I have many friends in Sweden. When I first saw rampant Jew hate in the press about Sweden I wrote to my friends asking how they could let such behavior pass without objection. I just wanted something done by decent people. Most said they abhored what they saw in the mainstream press.
According to Dr. Mikael Tossaveinen, head of the Scandinavian desk at Tel Aviv University’s Stephen Roth Institute for the research of anti-Semitism, the phenomenon is not unusually prevalent in Swedish society.
Research shows that some 5 percent of the population can be considered anti-Semitic, with another 20 percent harboring ambivalent attitudes.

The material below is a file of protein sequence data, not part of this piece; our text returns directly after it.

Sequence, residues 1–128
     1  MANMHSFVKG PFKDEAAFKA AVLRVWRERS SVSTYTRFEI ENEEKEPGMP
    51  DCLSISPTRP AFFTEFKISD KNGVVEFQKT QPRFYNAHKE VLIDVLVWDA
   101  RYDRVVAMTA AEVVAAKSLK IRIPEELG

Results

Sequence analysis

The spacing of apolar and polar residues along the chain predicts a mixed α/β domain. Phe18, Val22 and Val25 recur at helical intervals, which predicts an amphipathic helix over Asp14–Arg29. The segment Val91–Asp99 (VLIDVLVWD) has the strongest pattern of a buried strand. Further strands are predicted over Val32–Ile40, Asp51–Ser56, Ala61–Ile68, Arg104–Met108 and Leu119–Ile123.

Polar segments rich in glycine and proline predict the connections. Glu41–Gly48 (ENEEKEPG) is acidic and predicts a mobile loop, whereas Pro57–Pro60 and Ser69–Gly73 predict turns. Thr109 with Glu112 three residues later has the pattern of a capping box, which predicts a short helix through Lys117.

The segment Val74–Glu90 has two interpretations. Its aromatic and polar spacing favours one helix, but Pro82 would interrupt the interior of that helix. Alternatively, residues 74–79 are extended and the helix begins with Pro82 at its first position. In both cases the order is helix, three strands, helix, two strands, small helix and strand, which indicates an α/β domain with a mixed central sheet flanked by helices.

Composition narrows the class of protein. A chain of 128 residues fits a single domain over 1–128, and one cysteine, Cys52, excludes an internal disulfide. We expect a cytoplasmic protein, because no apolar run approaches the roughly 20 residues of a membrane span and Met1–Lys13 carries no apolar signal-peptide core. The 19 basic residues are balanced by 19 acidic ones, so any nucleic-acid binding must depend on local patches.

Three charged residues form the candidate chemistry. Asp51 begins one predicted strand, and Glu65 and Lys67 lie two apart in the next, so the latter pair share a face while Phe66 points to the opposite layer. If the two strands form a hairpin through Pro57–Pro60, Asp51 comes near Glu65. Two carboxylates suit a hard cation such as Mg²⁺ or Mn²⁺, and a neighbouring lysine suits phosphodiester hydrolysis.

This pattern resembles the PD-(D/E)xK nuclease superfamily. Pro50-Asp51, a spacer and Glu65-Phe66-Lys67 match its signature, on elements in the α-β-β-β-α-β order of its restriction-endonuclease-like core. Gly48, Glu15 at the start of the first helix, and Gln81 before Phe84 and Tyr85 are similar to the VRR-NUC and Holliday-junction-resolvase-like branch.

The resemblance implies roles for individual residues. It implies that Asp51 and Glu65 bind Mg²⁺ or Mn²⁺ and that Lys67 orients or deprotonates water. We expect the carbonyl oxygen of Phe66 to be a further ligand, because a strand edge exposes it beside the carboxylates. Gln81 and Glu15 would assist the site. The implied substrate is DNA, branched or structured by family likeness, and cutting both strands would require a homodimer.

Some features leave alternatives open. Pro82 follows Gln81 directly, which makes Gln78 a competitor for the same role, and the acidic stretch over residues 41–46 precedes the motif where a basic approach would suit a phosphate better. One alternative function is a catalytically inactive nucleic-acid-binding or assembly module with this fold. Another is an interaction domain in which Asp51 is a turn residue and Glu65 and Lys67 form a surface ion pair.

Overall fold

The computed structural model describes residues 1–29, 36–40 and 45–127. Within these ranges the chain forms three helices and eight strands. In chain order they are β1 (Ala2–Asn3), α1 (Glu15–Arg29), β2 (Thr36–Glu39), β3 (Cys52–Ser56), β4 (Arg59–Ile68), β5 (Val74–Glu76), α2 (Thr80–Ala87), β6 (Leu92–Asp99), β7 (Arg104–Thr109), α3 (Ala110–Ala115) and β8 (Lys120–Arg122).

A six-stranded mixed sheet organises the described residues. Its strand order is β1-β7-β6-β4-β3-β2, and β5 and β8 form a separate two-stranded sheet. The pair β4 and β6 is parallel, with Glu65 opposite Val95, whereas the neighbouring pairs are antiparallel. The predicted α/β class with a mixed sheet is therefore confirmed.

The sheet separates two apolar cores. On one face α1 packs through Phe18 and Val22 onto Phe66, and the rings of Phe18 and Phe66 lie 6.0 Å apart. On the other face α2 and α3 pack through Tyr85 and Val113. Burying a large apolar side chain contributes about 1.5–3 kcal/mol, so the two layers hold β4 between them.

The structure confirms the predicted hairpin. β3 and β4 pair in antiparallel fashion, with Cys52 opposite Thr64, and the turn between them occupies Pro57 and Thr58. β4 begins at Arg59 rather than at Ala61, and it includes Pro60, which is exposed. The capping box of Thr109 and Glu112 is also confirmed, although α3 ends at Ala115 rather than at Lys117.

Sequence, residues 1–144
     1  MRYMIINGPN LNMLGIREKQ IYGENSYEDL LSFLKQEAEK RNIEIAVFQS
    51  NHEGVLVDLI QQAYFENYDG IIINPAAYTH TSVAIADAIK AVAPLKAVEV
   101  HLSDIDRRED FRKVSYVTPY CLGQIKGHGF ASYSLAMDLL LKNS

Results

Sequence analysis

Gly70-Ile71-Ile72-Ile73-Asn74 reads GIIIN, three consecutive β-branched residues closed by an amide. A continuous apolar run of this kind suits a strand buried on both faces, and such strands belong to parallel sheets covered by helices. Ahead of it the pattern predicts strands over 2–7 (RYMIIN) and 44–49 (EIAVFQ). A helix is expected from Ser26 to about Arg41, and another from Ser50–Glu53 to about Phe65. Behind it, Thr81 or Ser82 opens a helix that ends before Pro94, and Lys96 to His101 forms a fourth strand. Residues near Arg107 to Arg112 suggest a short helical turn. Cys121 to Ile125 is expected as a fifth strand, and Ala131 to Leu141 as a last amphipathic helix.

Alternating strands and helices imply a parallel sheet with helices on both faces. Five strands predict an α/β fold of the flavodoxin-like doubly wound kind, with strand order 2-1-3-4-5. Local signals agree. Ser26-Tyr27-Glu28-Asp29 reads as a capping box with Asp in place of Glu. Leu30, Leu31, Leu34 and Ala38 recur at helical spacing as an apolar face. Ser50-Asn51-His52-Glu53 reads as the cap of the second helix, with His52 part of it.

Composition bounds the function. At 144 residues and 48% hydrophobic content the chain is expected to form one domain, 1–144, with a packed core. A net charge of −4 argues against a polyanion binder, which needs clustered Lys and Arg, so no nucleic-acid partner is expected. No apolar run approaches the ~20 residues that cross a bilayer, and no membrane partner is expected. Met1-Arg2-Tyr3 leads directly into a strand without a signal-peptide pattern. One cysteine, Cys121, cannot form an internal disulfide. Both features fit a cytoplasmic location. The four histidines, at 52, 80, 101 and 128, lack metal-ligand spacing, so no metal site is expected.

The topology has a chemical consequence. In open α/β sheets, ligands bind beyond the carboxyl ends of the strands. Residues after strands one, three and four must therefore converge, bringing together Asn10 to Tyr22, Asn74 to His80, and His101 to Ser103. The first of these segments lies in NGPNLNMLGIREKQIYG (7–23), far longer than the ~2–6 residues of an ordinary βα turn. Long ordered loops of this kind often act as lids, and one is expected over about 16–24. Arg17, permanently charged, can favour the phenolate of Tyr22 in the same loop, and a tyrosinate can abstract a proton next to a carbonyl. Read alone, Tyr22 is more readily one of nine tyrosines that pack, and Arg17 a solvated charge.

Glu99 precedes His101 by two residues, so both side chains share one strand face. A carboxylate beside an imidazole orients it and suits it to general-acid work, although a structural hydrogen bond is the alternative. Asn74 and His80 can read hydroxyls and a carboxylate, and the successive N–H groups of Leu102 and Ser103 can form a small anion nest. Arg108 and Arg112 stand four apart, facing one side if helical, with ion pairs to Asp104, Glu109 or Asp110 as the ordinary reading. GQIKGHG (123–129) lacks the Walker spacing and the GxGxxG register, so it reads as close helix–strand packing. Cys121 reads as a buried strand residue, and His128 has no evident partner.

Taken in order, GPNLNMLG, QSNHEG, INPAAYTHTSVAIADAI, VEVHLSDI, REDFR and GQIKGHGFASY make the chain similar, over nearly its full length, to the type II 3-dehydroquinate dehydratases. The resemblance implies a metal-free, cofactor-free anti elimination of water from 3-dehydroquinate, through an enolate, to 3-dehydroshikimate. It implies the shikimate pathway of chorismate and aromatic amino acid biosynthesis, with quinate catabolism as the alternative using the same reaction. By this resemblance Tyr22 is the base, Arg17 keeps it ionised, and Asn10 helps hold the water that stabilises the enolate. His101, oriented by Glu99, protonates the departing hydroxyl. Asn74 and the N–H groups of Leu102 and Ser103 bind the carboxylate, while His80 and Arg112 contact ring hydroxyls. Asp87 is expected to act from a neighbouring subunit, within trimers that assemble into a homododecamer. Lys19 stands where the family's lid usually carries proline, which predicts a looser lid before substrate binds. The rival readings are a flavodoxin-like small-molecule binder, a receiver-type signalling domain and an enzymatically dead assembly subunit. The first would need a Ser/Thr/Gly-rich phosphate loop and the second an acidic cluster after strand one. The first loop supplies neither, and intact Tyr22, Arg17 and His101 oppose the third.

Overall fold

“Most Swedes know next to nothing about anti-Semitism, and so it doesn’t surprise me that they don’t see the connection between the imagery and Nazi propaganda,” Tossaveinen said. “This becomes extra problematic when they come across anti-Israeli propaganda made in bad faith by people who are anti-Semites.”
He added that Swedes “don’t understand the racist message” and thus will spread the anti-Semitic art because they dislike Israel.
“Then they will be surprised when someone calls attention to the anti-Semitism and interpret that as silencing their criticism of Israel,” Tossaveinen said. “It’s quite tiresome and it happens remarkably often in Sweden.”